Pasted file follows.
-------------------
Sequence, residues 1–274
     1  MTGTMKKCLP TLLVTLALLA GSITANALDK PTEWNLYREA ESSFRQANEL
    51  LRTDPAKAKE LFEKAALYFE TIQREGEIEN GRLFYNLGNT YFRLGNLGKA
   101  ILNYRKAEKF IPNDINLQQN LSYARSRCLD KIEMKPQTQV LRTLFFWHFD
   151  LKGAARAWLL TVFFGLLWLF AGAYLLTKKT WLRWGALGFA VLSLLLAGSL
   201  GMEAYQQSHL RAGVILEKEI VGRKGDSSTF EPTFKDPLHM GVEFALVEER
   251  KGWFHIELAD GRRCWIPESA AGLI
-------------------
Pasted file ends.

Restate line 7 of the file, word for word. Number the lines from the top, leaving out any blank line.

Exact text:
   251  KGWFHIELAD GRRCWIPESA AGLI